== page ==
Once I was back in the hospital (April 26) they ordered a million tests to find out what was causing my fevers. Blood tests, scans, pokes and prods.
One of the tests they ordered was a HIDA scan. They didn’t really tell me much about the scan before hand. That was probably a good thing. The machine kinda looks like a small CT scanner.
It’s similar to the machine in this picture but the one I was in seemed a bit smaller. I had to lay flat on my back with my arms to my side. No room to move at all. Unlike the above picture I was completely inside a tube. My head was the only part that was out. Luckily I was very tired and went to sleep. I think they may have given me sedatives at one point too. After a good snooze I woke up and stared at the ceiling for awhile. As I was waking up I realized how stiff I was feeling. I asked the technician how much longer it was going to be. He said just 15 more minutes. Ugh. Well, it turns out I was in that machine for 96 minutes. No wonder my butt hurt so much! So thankful I was that tired and had no idea that’s how long I was going to be in there. No way that would’ve gone as well as it did had I known. haha.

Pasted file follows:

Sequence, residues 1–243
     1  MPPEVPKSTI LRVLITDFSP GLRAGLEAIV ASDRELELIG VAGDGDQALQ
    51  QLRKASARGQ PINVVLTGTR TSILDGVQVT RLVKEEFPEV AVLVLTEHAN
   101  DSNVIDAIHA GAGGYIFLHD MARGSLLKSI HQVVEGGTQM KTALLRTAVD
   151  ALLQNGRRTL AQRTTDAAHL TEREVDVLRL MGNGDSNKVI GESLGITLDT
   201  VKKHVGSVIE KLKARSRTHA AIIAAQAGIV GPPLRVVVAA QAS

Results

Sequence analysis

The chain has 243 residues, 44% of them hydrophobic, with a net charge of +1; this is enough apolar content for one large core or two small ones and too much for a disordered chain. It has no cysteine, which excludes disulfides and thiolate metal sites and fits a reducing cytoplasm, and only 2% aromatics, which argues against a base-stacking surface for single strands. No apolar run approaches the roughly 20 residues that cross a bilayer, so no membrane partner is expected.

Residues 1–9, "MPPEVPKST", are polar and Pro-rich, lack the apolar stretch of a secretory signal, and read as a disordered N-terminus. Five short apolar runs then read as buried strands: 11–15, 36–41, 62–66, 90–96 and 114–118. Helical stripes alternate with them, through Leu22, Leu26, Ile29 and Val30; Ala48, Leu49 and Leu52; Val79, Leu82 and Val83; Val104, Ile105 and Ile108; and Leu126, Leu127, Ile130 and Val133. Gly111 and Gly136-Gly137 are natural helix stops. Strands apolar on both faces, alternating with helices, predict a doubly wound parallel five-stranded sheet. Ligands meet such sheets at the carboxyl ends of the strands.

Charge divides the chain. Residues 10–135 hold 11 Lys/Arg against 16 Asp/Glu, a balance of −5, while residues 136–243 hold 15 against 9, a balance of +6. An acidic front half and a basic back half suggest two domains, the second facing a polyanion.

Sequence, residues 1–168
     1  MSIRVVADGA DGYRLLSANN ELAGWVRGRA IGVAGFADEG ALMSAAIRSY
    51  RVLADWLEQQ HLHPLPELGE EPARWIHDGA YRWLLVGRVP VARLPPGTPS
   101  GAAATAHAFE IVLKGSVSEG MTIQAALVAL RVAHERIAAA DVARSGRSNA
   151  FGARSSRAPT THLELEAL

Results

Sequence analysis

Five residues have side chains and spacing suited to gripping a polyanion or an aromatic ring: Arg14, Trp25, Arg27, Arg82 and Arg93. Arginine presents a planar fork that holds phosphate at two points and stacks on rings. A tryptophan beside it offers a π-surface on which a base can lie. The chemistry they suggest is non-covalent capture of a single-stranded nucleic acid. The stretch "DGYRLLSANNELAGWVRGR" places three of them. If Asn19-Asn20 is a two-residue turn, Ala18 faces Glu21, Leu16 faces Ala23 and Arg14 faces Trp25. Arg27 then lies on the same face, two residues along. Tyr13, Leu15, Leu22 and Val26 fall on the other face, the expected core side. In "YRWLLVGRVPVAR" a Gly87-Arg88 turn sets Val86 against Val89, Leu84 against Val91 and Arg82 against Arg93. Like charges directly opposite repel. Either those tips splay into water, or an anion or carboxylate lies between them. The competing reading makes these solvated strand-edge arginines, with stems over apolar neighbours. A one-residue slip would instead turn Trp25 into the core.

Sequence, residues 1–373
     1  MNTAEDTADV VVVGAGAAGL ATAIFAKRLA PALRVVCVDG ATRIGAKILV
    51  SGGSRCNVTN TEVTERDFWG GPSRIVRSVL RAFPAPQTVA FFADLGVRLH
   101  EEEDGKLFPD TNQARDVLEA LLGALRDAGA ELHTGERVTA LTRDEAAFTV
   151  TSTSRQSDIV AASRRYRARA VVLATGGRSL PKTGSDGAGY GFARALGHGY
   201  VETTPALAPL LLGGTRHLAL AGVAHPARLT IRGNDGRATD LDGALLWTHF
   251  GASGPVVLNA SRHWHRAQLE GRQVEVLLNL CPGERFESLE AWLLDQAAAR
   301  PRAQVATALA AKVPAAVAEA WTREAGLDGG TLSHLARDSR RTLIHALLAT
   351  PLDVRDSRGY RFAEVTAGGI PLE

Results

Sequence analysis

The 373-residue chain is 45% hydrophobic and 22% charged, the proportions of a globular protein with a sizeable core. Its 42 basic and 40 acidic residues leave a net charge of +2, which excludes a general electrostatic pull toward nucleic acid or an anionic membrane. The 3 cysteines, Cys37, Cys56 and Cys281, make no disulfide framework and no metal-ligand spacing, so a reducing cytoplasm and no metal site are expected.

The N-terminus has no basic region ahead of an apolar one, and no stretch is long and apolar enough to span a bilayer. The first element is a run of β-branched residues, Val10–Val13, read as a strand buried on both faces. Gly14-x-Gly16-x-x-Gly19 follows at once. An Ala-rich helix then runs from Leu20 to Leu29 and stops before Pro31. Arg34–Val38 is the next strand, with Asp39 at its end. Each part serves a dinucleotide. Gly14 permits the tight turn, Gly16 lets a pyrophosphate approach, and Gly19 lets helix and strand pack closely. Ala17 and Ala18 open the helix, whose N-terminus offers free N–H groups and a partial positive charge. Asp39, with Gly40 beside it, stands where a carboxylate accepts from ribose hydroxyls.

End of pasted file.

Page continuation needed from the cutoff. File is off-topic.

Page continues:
They finally figured out that my gallbladder was inflamed and likely causing the fevers. It was the gallbladder attack that lead us to those first scans that found the liver spots. The cancer trumped everything once we found it and now the gallbladder wants attention again. Unfortunately since I had that major surgery they didn’t feel like it’s safe to take the gallbladder out.
The best they could do was to insert a tube into my gallbladder that attaches to a bag where the bile drains into. Another thing to hang off my belly. Ugh. I was not excited about this bag at all. Even though it temporary, I will have it for a minimum of 4 weeks. After that they will re-evaluate if they can go ahead with surgery. I suspect they will put surgery off for as long as possible.
I stayed in the hospital for almost a week and was so happy once I was home. Wasn’t expecting that detour from vacation.